Diabetic men show more brain plaque than their female counterparts

Diabetes Social

Vessel wall MRI shows that men with type 2 diabetes carry more brain plaque burden than their female counterparts, according to study results presented November 28 at the RSNA 2023 meeting.

The findings also indicated that women with the disease undergoing hypoglycemic drug treatment for it showed significantly reduced brain plaque compared to their male counterparts, said presenter Xuejiao Yan, MD, of Shaanxi Provincial People’s Hospital in Xi'an, China.

"The total and proximal burden of intracranial atherosclerotic plaque in male patients with type 2 diabetes with acute cerebrovascular disease were significantly higher than those in female patients," Yan told session attendees.

Previous research has shown that there are sex differences in the prevalence of type 2 diabetes and its associated diseases such as atherosclerosis and stroke. Yan's group sought to explore any plaque burden differences by sex in patients with type 2 diabetes and acute cerebral ischemia.

The team conducted a study that included 73 patients with type 2 diabetes who experienced acute cerebral stroke or transient ischemic attack due to brain arteries narrowed by plaque; these patients underwent vessel wall MRI exams between August 2017 and February 2023. Individuals in the study had A1c values equal to or higher than 6.5% and/or a fasting blood glucose level equal to or higher than 126 mg/dL (7 mmol/L). To estimate plaque burden, the investigators measured proximal and distal plaques of the middle cerebral artery M1-3, anterior cerebral artery A1-2, and posterior cerebral artery P1-2. They also compared patients by diabetes treatment status, investigating "the possible relationship between sex and intracranial atherosclerotic plaque burden and the interaction between treatment and sex," Yan said. Of the 73 patients, 49 were men and 24 were women.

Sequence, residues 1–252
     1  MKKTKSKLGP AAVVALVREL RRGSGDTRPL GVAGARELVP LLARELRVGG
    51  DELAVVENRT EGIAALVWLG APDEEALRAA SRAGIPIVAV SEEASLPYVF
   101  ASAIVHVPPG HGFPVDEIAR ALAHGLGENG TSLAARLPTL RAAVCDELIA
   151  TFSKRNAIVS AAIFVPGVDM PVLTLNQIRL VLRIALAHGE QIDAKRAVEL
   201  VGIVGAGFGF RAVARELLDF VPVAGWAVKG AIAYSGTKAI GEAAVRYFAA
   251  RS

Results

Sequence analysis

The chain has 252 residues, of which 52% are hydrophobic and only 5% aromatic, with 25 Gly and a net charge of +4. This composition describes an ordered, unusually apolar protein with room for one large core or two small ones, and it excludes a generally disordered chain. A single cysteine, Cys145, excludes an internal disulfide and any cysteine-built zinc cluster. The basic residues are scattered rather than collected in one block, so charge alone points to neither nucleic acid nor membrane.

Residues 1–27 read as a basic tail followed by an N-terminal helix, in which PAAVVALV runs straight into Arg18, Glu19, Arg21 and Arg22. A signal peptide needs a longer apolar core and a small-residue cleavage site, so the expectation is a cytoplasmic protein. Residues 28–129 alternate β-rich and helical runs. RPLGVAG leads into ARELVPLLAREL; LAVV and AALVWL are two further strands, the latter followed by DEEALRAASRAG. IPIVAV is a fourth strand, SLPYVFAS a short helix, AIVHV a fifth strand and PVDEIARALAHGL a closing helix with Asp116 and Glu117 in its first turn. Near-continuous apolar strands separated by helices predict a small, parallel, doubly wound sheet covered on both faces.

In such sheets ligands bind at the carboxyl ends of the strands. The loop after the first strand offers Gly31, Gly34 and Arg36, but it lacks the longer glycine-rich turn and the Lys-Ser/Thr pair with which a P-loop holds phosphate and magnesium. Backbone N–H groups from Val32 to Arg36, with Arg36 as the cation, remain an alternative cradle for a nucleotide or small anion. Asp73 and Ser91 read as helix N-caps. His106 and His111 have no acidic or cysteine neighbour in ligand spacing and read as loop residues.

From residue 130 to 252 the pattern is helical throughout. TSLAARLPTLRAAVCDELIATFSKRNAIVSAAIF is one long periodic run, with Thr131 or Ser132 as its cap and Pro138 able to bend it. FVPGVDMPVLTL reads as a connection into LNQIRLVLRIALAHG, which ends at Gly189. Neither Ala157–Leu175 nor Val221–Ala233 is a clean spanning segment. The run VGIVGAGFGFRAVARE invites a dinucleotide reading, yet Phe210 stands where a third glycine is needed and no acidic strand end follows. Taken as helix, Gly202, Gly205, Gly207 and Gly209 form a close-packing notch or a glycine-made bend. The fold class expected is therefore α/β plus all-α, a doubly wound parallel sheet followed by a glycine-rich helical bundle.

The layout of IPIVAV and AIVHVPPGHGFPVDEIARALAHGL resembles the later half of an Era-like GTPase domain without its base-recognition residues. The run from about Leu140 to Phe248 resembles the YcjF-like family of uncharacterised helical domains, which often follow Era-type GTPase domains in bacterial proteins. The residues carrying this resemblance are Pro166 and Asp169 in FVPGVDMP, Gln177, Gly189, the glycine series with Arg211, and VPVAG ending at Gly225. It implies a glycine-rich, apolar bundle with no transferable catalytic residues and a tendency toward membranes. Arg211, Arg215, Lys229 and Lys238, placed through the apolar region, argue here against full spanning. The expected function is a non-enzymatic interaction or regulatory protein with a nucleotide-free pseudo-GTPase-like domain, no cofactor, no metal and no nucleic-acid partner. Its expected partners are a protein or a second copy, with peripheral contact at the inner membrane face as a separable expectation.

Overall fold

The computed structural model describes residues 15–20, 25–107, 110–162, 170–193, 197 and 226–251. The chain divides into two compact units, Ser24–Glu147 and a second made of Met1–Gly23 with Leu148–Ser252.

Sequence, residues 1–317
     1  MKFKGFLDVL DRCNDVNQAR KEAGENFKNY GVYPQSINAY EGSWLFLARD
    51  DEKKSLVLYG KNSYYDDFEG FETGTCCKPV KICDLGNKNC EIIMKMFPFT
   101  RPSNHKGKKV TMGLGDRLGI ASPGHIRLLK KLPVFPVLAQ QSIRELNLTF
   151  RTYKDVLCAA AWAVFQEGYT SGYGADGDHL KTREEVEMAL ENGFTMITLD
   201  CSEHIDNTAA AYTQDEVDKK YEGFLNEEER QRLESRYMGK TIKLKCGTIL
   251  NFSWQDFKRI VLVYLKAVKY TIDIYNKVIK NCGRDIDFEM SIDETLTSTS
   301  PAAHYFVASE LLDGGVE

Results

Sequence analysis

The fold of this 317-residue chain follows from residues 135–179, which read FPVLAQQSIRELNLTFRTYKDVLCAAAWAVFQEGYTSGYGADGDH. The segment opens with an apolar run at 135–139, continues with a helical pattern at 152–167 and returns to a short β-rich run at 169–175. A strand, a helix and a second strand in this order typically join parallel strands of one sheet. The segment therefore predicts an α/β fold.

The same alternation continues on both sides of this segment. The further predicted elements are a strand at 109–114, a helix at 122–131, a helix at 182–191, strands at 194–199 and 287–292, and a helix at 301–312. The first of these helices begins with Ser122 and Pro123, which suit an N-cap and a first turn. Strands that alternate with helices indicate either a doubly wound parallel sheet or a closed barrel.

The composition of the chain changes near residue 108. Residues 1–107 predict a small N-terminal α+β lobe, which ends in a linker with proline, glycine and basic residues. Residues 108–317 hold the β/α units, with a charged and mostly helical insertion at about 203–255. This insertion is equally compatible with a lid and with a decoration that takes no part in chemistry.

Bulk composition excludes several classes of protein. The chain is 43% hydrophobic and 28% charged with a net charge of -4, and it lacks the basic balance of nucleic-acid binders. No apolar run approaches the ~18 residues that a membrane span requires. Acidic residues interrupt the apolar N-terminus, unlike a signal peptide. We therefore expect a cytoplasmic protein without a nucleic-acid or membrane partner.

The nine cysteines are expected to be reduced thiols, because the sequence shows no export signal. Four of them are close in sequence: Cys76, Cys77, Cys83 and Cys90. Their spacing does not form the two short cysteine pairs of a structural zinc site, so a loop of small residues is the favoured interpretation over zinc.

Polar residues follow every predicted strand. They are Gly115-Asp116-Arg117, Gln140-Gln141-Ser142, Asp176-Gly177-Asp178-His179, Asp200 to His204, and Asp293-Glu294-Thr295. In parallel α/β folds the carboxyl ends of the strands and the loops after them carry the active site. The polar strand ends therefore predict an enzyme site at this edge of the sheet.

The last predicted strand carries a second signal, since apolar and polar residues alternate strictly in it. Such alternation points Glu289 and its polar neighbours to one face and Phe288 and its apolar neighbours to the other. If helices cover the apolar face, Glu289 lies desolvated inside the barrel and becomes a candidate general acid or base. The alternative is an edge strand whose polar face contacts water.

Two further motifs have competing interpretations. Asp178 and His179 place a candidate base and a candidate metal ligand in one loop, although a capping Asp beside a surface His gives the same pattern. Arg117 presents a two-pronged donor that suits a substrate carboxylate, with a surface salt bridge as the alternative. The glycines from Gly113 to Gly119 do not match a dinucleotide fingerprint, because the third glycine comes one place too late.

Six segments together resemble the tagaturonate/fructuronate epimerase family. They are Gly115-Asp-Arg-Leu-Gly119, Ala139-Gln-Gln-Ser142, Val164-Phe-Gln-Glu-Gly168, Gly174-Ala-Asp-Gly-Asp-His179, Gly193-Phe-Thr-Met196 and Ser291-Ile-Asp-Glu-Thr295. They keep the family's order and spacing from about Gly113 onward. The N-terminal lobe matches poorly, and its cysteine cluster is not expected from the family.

Yan and colleagues found the following:

  • Levels of the cholesterol-transmitting protein Apolipoprotein A-I, the amino acid homocysteine, and uric acid were higher in men compared to women, as was the smoking rate (p = 0.004, p = 0.016, p = 0.03, and p < 0.001, respectively).
  • Men had higher intracranial total and proximal plaque burden than women, at 1.4 and 1.6 (with 1 as reference) respectively.
  • Women's proximal plaque burden was reduced in those who underwent hypoglycemic drug treatment.
  • Without hypoglycemic drug treatment, there was no difference in relative risk of cerebrovascular disease between men and women.

"Men with type 2 diabetes with acute cerebrovascular disease had significantly higher total and proximal plaque burden than women," Yan said. "Women had a significant reduction in intracranial proximal plaque burden after treatment for diabetes. In contrast, in the untreated setting, women would be at risk for proximal plaque burden, suggesting that antidiabetic treatment has a protective effect on the proximal intracranial plaque burden in women."

Since intracranial atherosclerosis (ICAS) is one of the leading causes of acute cerebrovascular disease, understanding type 2 diabetes and the sex-specific impact of treatment on the burden of ICAS "may provide insights into sex-specific strategy adjustments to reduce cerebrovascular risk," Yan concluded.

Page 1 of 16
Next Page